Farmington City Council identifies final budget cutsThe Farmington Fire Department may not get its new chief’s vehicle next year thanks to some last-minute cuts to the city of Farmington’s budget. That was the consensus reached during Monday’s Farmington City Council budget workshop, where council members were asked to identify $152,000 cuts to the 2013 budget.
By: Michelle Leonard, The Farmington Independent
The Farmington Fire Department may not get its new chief’s vehicle next year thanks to some last-minute cuts to the city of Farmington’s budget.
That was the consensus reached during Monday’s Farmington City Council budget workshop, where council members were asked to identify $152,000 cuts to the 2013 budget. The budget cuts were necessary after council members voted 3-2 Dec. 3 against raising the 2013 levy from the 2012 amount.
That vote meant city administrator David McKnight had to find the additional cuts before the council’s Dec. 17 meeting, because the city is required by law to ratify next year’s levy and budget by Dec. 28.
McKnight held a series of meetings with department directors over the past week. What he brought to this week’s workshop was a list totaling more than $250,000 possible cuts, plus a couple of options for one-time revenue sources.
On the list was the elimination of a police officer at the end of May, which would have resulted in a $50,000 savings. While council members Julie May and Jason Bartholomay favored the option, mayor Todd Larson and council members Terry Donnelly and Christy Jo Fogarty did not. The option was the first taken off the list.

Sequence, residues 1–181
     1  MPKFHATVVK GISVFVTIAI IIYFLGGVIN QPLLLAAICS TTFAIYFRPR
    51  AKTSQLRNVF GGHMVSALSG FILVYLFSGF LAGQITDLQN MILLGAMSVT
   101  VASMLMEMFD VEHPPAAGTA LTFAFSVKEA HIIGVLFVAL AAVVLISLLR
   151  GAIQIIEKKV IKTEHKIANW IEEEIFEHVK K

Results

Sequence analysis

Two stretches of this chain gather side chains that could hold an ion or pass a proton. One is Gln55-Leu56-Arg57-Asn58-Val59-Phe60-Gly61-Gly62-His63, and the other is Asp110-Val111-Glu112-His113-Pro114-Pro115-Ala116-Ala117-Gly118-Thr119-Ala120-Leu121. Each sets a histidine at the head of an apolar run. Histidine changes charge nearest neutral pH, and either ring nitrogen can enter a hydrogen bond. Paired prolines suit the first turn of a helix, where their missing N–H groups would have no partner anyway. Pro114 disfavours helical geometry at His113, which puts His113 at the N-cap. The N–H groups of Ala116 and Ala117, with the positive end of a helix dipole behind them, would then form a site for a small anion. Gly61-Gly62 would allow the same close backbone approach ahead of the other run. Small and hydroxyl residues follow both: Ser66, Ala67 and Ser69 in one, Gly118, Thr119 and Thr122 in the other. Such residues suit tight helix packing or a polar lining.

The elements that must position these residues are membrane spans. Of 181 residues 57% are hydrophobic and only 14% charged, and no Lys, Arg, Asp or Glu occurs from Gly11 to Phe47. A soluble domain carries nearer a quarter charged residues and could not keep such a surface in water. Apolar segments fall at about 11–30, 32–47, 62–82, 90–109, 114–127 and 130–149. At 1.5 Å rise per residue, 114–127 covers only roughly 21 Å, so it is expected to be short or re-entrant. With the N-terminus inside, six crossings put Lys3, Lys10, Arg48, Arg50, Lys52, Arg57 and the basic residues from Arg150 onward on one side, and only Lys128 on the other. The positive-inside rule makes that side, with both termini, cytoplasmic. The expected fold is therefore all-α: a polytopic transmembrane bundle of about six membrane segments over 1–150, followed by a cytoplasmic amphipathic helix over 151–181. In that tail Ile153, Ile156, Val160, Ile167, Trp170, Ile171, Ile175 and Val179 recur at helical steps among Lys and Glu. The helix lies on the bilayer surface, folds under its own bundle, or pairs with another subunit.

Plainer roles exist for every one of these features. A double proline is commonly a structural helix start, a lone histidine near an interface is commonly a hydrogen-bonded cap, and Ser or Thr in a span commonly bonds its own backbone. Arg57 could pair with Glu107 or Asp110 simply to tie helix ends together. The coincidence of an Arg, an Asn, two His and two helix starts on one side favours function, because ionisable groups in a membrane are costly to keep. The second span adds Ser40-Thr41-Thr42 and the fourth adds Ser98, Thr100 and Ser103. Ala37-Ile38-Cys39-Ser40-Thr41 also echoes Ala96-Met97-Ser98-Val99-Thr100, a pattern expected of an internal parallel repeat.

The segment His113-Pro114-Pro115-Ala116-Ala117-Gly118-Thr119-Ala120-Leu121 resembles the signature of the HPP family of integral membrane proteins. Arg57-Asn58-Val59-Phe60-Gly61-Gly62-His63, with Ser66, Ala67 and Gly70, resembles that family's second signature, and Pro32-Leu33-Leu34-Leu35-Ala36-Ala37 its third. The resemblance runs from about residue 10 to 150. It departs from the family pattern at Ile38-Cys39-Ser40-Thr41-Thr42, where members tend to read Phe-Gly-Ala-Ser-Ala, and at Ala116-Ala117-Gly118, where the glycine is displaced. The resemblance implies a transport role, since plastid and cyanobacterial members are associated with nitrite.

Farmington fire chief Tim Pietsch offered up a $50,000 generator that had been planned for the 2013 budget. The fire department asked for the generator in case of a natural disaster, but Pietsch had since learned that public works has extra generators that could be used if necessary.
McKnight had included proposed cuts of $15,000 to trail maintenance, $5,000 to a building maintenance fund, and charging the city’s economic development authority $15,000 for the time city planner Lee Smick spends on EDA-related tasks. Currently, Smick’s time is paid through the city’s general fund. Council members did not favor any of those cuts.
Although he would not go into specifics, McKnight identified $24,000 in staff reorganization savings that could be made next year, which council members did support.
Additionally, they favored allocating the $30,000 profit received through the sale of the old Rambling River Center building to the 2013 general fund. That helped to reduce the amount that needed to be cut from the budget to approximately $122,000.
Removing the generator and reorganizing staff totaled $74,000 in cuts. With the addition of the $30,000 from the building sale, council members were left to find $48,000 in cuts. They had two options left on the table – cut $50,000 from the reserve line item, or cut $50,000 for a new fire chief’s vehicle.
The $50,000 in the reserve is used for unanticipated expenses. Two years ago, that reserve money was put toward a shortfall in the fire relief association’s funding. This year, it was used to renovate the old Rambling River Center building to make it sellable, and to fund a salary investigation ordered by council over the summer.
The fire chief’s current vehicle is old and requires much maintenance. Farmington fire marshal John Powers was late getting to a recent fire because a wire in the truck had become disconnected and it would not start. The floor of the current vehicle has also rusted through in places.
“Either way, it’s a risk,” McKnight told council members.
McKnight suggested removing the chief’s vehicle for the time being, and seeing how the reserve fund survives the coming months. It may be possible, he said, to schedule the purchase of a new chief’s vehicle later in the year, if the reserve fund balance is intact. However, he cautioned, the chief’s vehicle will not be able to be used much longer.
“By Jan. 2, it could go kaput,” he said.
By consensus, council members indicated they would cut the chief’s vehicle, but recommended McKnight watch the reserve budget to see what happens in the next year. The final budget will be presented at the Dec. 17 council meeting.